But you won't see the same level of criticism for both of them because A) Obama stopped the interrogations many considered torture; B) even if they disagree with Obama on the security measures, no credible political alternative exists because C) on this issue, the positions of McCain and Clinton were very similar in nature to what is in practice now.

And people will alwasy associate Bush and Cheney with torture, despite our nation's sometimes ugly history. Had this only been a Lincolnist suspension of rights during wartime, or a Rooseveltian internment, or Trumanish/Ike subversion of dissent in sattelite nations (or support of same), or any of so many other examples, it could be let go. But even when those behaviors were committed historically, there were few credible leaders actively defending them as the right thing to do.

Bush and Cheney moved those goalposts into a surprising territory of engaging in these activities many consider torture, defending those activites on legal and political grounds and then using that defense as a political tool.

I also get the shots at the "GOP base." My conversations with many who would consider themselves in that group have convinced me that he is correct. Maybe this is just my individual experience, but over the last 9 years, I have been absolutely shocked at how many people have defended activities I consider torture as legitimate interrogation methods.

And even if they do consider it wrong under normal circumstances, they have rationalized those activities based on irrational fears. A few even boast about those activities as some sort of responsive catharsis - which to me is the most terrifying.

And when I dare explain to them that I consider those behaviors torture - morally wrong - as well as ineffective and counterproductive to real international and security goals, I have been lambasted as an America-hating peacenik.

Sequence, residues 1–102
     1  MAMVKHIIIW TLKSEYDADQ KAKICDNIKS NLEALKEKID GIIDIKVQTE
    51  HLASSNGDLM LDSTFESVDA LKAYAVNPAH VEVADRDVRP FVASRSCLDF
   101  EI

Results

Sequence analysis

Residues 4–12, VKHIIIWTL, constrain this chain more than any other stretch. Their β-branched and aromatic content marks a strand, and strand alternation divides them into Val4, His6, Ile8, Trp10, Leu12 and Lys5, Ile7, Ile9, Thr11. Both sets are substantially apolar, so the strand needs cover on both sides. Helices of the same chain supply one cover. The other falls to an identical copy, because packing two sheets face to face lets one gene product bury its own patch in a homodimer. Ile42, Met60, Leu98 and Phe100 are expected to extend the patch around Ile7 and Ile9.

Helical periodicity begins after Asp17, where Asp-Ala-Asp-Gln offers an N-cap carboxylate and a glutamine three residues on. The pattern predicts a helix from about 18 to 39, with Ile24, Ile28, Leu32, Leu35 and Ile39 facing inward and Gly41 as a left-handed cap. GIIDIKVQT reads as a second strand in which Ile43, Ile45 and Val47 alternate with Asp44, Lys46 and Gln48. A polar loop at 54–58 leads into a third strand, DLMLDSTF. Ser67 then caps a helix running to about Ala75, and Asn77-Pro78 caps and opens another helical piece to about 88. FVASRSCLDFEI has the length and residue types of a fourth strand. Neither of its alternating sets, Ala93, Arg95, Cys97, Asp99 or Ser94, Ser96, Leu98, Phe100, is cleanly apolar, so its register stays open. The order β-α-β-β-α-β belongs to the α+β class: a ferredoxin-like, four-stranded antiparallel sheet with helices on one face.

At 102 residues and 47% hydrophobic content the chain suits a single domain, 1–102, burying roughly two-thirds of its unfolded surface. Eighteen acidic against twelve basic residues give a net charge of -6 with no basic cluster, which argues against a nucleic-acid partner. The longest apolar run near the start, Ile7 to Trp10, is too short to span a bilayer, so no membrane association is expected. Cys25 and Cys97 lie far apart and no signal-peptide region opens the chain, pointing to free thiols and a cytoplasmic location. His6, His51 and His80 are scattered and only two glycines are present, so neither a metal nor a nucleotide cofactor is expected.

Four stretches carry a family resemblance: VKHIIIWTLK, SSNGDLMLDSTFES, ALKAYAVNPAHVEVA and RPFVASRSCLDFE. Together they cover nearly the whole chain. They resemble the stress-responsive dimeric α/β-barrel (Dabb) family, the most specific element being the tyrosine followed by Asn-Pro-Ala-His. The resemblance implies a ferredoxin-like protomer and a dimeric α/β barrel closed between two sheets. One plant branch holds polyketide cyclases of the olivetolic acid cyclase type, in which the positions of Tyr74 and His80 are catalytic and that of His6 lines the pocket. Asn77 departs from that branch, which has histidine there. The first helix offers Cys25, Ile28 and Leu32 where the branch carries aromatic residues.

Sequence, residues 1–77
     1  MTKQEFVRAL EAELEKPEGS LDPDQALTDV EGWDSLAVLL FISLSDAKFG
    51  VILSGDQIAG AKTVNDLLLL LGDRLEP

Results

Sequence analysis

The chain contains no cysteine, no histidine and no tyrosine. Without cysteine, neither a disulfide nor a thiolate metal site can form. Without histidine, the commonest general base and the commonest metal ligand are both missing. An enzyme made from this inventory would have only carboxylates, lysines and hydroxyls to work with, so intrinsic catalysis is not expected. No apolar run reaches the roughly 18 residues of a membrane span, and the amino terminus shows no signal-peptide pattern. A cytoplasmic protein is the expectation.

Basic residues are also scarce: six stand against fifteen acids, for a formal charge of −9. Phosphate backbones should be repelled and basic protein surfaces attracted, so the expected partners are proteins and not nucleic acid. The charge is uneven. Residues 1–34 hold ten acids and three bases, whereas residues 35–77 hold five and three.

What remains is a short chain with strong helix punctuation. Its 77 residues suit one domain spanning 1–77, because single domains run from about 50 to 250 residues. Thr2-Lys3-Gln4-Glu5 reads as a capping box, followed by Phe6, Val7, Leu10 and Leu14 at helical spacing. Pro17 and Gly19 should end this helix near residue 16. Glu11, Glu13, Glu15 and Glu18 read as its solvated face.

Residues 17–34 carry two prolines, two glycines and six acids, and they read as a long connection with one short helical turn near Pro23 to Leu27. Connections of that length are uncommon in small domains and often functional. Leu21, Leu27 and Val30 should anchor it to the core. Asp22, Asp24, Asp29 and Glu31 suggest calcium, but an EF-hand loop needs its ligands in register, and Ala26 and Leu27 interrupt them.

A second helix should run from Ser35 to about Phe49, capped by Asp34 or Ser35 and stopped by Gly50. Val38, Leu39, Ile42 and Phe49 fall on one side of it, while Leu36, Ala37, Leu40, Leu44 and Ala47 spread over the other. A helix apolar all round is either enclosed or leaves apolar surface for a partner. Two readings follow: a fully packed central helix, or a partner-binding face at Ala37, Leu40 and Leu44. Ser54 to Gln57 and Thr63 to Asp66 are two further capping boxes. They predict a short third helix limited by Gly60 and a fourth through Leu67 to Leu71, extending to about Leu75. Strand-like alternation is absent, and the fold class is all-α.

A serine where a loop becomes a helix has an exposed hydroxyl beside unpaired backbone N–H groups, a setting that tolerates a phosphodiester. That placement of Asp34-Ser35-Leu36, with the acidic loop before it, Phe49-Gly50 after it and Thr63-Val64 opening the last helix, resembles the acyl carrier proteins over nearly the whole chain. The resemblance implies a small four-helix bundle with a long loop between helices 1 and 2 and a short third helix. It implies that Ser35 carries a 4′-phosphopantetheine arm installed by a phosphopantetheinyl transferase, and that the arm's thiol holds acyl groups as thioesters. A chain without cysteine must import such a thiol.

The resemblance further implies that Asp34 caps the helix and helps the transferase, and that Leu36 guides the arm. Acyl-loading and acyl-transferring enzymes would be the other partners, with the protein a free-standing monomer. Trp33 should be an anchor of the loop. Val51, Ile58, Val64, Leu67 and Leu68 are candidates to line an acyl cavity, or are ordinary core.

DADvocate said...

While I like to think I represent the base of the Democratic Party, reality forces me to think otherwise. Though it should be noted that one of the most consistent complaints about Bush and Obama from the left is the security apparatus issue.

I can't honestly think of myself as the base of any political party although I come closest to Libertarian. I happen to be a registered Democrat because I wanted to have a meaningful vote in the last presidential primary. (Voted of Hillary in the primary and history has already shown that was probably the best vote.)

I have consistent complaints about the security apparatus also, based on human/civil rights. When the Patriot Act was first being passed, when so many Dems were for it before they were against it, I was against it. At the time I didn't know what a blog was but emailed Neil Cavuto (sp?) at FoxNews calling him an apologist for supporting it.

Tragically, too few in the U.S. believe in rights anymore, except for entitlement rights. Yesterday Instapundit linked to this tidbit from the World Economic Forum that shows the U.S. 40th in property rights behind China, Gambia and Jordan among others. Equality has become a siren song luring many to virtual slavery to the state. Remember, everybody in prison is equal, probably the most equal of anywhere.